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I5 Bridge Collapse: Our Infrastructure Woes Are Endangering American Lives and Business

Washington State police officials are reporting that the collapse of a bridge over the Skagit River 60 miles north of Seattle was caused by a truck with a too-tall load striking the upper part of the span. Although there were only minor injuries, many feared a repetition of the 2007 I-35W bridge collapse in Minneapolis that killed 13 people and injured 145. This latest incident, coupled with Washington State receiving a C- grade for its bridge infrastructure, should serve as a reminder of the infrastructure deficit in the United States. 

The American Society of Civil Engineers’ 2013 infrastructure report gave Washington a C- for its bridge, more than a quarter of which are either structurally deficient or functionally obsolete, and an overall infrastructure grade of C. Despite two inspections and repairs last year received 47% sufficiency rating, well below the average of 80 for the State’s C- grade bridges, and was deemed “functionally obsolete” by the Federal Highway Administration in 2010 and 2000, meaning that its design is outdated. In 1992 the bridge was categorized as “structurally deficient” and replacement was recommended.  

Nationally, the United States is no longer in the top 20 countries with the best infrastructures. One in nine bridges are structurally deficient and a the Federal Highway Administration estimates that highway investment between now and 2028 will need to double in order to eliminate the nation’s bridge deficiencies. The nation’s bridges received a C+ grade, which eerily represents the second highest score of the 17 categories graded.

Some in government and the press have taken up the cause. On Wednesday Rep. John Delaney of Maryland introduced the bipartisan Partnership to Build America Act that would use repatriated corporate earnings and public-private partnership to rebuild America’s transportation, energy, communications, water, and education infrastructure. Public investment in infrastructure has been dropping as a percentage of GDP, falling to the lowest level in two decades.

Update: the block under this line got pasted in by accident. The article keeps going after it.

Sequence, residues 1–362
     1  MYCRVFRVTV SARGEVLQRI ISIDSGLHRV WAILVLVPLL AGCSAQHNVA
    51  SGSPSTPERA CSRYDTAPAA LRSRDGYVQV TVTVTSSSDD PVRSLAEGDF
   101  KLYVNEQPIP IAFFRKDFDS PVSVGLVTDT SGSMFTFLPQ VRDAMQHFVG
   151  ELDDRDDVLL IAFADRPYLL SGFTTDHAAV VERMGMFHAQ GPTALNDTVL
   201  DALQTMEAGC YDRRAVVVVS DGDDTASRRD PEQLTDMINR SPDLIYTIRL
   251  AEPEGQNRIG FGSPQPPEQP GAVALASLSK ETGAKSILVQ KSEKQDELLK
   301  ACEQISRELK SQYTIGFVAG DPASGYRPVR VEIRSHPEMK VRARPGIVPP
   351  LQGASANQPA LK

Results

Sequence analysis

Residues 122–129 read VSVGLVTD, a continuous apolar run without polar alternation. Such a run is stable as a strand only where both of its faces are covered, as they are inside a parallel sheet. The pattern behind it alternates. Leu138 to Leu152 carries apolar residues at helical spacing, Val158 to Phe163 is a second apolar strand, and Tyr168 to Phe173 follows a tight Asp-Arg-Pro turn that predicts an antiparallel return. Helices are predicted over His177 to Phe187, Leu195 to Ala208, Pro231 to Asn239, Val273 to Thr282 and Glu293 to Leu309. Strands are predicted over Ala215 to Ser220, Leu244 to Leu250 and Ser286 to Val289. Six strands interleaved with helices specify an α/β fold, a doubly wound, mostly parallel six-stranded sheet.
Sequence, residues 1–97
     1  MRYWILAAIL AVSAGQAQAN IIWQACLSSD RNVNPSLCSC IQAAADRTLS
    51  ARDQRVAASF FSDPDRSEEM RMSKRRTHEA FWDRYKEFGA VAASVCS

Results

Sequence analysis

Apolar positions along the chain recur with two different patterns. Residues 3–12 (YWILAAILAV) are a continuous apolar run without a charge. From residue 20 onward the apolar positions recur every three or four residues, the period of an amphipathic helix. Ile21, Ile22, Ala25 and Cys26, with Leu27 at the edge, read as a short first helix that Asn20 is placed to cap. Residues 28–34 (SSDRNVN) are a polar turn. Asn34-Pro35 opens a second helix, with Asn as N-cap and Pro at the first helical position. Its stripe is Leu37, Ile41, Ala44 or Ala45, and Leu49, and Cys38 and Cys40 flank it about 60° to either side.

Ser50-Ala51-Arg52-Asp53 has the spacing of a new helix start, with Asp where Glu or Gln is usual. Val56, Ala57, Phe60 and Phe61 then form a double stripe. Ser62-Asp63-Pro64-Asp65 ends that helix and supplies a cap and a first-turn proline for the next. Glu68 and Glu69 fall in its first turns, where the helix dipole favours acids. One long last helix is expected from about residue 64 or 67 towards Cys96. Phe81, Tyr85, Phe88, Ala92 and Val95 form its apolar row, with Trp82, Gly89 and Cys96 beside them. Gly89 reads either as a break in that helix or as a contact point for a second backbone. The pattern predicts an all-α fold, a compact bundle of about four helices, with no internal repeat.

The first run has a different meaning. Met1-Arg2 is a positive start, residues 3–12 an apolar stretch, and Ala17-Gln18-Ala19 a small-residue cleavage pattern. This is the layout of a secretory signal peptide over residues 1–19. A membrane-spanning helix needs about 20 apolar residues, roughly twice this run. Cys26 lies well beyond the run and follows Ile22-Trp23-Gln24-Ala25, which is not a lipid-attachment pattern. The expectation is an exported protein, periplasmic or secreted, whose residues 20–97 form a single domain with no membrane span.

In 2011, CNBC produced the series “Race to Rebuild: America’s Infrastructure” to highlight the infrastructure problem and discuss possible solutions.

 

As the American Society of Civil Engineers explains, “Infrastructure has a direct impact on our personal and economic health, and the infrastructure crisis is endangering our nation’s future prosperity.”

The implications of infrastructure are so vast that even the Council on Foreign Relations has released a report saying that the situation is dire: “The most recent six-year highway bill expired in 2009, and Congress has been unable to agree on a new multi-year bill since then,” the report says, “Since the mid-1950s, federal gas tax revenues have been deposited into the Highway Trust Fund and then allocated to states for transportation improvements. But the gas tax is not tied to inflation and has not been raised since 1993. At current spending and revenue levels, the trust fund will be insolvent within two years.”

Infrastructure drove America’s growth in the 20th Century, and with both the America’s economy and lives at risk, initiates such as those of Rep. Delaney should be a priority in Congress. 

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